Digital World Acquisition Corp (DWAC)
GameStop and AMC aren’t the only stocks that have shot to the moon this year.
In late October, shares of Digital World Acquisition Corp skyrocketed from less than $10 apiece to as high as $175 before giving up some of the gains.
DWAC is a special purpose acquisition company that plans to merge with a social media company linked to former President Donald Trump.
Trump’s SPAC is clearly “a new stock on the menu” for the WallStreetBets crowd, Rogozinski told Stansberry.
When asked about which stocks he thought the forum would ride next, he answered, “I think it’s clear that this one is next and I think it’s going to be a while before they move on to the next one.”
“This is not a short squeeze situation. I believe the move is based off of inherent demand for this thing. There’s a lot of excitement and I think the price speaks for itself.”
Today, DWAC trades at around $57 per share, marking a near 500% return in just a few short weeks.
Famed investors like Warren Buffett and Cathie Wood are widely followed by retail investors.
But Rogozinski believes that investment moves made by House Speaker Nancy Pelosi’s husband Paul are also worth following.
In an interview with Business Insider last month, Rogozinski discussed the potential of a Pelosi-themed exchange-traded portfolio geared towards retail investors.
“I got this idea, somewhat of a joke, but I can't shake it so I'm probably going to start pushing for it, which is this ‘Nancy ETP,’” said the WallStreetBets founder.
And in his interview with Stansberry, Rogozinski explained that the idea is to “capture some of these really exciting returns from the Pelosi family portfolio.”
A Nancy ETP might never become a reality. But investors can still keep a close eye on the family for possible ideas. Some of their largest investments include tech giants Apple and Microsoft, which account for about 17% and 14%, respectively, of the Pelosi portfolio.
To be sure, shares of both Apple and Microsoft currently trade in the triple-digits. But a popular investing app allows you to buy fractions of shares with as much money as you are willing to spend.
This one might come as a surprise.
As the founder of a subreddit known for “yolo-ing” on out-of-the-money call options, Rogozinski’s personal investments aren’t exactly exciting.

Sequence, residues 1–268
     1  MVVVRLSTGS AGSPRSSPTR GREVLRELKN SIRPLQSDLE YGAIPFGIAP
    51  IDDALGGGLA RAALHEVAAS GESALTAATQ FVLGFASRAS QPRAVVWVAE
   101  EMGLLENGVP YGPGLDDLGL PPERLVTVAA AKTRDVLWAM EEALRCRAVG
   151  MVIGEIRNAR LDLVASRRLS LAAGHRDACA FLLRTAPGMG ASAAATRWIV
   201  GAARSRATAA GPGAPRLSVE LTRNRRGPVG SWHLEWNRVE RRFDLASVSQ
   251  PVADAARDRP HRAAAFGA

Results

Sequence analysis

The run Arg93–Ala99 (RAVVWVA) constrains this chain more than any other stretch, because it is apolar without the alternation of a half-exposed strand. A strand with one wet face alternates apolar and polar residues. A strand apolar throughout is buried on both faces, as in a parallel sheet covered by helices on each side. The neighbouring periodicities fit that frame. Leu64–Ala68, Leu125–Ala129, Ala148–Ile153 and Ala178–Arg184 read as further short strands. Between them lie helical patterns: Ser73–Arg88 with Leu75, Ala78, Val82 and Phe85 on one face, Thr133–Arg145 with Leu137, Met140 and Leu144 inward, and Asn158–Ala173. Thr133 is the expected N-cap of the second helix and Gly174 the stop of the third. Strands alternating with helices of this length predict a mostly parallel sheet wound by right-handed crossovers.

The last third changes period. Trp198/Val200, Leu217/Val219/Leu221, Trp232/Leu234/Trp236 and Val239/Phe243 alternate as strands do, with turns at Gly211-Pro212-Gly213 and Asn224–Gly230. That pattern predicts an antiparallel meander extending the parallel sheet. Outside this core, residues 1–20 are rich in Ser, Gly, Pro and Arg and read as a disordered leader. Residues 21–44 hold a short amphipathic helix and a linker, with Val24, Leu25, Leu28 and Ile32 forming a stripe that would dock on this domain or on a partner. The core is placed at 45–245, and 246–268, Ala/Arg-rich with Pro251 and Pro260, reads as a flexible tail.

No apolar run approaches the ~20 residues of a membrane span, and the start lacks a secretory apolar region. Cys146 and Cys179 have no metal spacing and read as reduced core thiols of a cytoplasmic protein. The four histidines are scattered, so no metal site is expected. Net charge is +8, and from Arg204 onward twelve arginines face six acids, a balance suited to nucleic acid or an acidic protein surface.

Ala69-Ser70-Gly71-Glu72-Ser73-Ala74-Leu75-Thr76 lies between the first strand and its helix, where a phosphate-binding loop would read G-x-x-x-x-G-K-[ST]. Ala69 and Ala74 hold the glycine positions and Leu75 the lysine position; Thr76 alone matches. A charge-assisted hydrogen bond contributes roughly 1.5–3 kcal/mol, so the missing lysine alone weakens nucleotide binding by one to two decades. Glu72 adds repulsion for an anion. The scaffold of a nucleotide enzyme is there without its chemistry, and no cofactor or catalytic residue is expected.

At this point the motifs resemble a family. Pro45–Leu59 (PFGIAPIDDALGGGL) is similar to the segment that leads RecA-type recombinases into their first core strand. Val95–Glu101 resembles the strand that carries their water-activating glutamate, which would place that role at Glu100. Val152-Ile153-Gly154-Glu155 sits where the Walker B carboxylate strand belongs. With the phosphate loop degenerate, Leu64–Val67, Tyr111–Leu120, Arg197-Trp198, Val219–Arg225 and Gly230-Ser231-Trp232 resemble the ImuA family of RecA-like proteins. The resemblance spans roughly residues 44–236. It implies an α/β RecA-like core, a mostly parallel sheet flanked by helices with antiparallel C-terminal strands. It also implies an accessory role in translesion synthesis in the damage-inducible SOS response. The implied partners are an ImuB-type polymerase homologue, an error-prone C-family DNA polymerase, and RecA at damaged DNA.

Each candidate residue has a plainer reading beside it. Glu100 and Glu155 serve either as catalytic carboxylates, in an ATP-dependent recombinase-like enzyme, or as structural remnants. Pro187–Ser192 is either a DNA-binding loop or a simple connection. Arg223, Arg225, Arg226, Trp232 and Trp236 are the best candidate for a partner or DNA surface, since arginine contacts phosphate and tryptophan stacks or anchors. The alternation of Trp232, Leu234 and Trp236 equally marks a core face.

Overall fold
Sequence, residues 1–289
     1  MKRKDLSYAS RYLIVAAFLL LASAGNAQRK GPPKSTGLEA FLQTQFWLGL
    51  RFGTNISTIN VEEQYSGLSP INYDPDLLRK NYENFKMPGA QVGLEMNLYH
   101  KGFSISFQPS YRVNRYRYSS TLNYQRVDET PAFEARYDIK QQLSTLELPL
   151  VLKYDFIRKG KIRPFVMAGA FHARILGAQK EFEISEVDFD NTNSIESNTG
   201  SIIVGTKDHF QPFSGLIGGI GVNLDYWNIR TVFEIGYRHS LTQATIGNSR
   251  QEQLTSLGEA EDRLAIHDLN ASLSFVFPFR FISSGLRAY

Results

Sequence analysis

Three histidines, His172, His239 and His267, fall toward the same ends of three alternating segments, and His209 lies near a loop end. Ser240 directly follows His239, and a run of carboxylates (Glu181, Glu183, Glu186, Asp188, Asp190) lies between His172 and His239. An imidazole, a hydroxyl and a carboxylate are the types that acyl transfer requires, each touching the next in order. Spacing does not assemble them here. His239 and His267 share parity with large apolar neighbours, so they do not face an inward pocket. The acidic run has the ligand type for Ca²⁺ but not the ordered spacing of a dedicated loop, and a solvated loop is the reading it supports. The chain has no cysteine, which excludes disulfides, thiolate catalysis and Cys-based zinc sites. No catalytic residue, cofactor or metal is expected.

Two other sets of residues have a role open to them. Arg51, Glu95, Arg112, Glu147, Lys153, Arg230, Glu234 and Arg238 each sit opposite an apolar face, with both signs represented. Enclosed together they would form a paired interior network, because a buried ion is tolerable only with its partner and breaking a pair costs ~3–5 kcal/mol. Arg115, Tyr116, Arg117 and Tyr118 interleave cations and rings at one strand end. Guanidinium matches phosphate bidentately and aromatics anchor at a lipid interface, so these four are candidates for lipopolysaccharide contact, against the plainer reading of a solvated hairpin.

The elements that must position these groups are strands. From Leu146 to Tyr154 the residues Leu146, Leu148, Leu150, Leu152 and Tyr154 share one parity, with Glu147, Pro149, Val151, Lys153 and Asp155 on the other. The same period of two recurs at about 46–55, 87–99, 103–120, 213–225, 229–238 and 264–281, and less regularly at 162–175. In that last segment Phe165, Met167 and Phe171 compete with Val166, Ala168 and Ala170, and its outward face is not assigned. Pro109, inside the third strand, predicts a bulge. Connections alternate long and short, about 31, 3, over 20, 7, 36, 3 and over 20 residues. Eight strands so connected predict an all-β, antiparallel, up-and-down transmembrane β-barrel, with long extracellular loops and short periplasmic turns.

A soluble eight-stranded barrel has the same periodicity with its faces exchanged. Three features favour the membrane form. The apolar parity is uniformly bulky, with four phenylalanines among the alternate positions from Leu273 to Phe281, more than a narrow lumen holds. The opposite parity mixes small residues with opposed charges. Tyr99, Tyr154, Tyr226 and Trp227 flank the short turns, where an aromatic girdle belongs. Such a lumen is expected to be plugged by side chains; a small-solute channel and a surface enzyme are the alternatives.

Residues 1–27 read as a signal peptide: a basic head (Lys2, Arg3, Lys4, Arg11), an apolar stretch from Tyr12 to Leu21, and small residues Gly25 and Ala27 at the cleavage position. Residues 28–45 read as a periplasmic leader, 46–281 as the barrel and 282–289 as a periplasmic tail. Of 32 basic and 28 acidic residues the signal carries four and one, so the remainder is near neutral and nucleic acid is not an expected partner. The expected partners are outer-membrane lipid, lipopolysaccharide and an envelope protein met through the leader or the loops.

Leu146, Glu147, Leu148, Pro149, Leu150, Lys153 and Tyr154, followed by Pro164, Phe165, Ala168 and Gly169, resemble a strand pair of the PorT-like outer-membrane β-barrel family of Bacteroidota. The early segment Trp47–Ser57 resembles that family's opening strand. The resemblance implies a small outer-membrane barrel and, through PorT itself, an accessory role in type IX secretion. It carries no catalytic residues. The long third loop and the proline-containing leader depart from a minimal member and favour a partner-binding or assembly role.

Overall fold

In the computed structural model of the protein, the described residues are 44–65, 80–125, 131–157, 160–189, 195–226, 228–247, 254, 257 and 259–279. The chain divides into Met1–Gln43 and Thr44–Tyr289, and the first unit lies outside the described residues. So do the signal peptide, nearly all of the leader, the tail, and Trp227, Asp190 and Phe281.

For his own personal portfolio, Rogozinski likes the peace of mind that comes with diversified, low commission exchange-traded funds.
“If I’m actually investing,” Rogozinski explained, “I’m doing it correctly.”
“I’m diversifying, buy and hold, leave it in there, collect dividends. I’m happy with that.”
These days, investors have dozens of low-cost ETF options to choose from when it comes to achieving broad diversification.
For instance, the SPDR S&P 500 ETF tracks the price and yield performance of the S&P 500 Index and has a gross expense ratio of 0.0945%.
Another example is Invesco QQQ Trust Series 1, which tracks the Nasdaq 100 Index and has an expense ratio of 0.20%.
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A little-known alternative
With inflation rising at a breakneck pace, it would be tough to blame investors for completely ignoring Rogozinski’s words.
The good news? You don’t need to limit yourself to the stock market at all.
If you want to invest in something that has little correlation with the ups and downs of the stock market, you might want to consider an overlooked inflation hedge: fine art.
Contemporary artwork has already outperformed the S&P 500 by a commanding 174% over the past 25 years, according to the Citi Global Art Market chart.
Investing in art by the likes of Banksy and Andy Warhol used to be an option only for the ultra-rich. But with a new investing platform, you can invest in iconic artworks, too, just like Jeff Bezos and Bill Gates do.
Fine art as an investment
Stocks can be volatile, cryptos make big swings to either side, and even gold is not immune to the market’s ups and downs.
That’s why if you are looking for the ultimate hedge, it could be worthwhile to check out a real, but overlooked asset: fine art.
Contemporary artwork has outperformed the S&P 500 by a commanding 174% over the past 25 years, according to the Citi Global Art Market chart.
And it’s becoming a popular way to diversify because it’s a real physical asset with little correlation to the stock market.
On a scale of -1 to +1, with 0 representing no link at all, Citi found the correlation between contemporary art and the S&P 500 was just 0.12 during the past 25 years.
Earlier this year, Bank of America investment chief Michael Harnett singled out artwork as a sharp way to outperform over the next decade — due largely to the asset’s track record as an inflation hedge.
Investing in art by the likes of Banksy and Andy Warhol used to be an option only for the ultrarich. But with a new investing platform, you can invest in iconic artworks just like Jeff Bezos and Bill Gates do.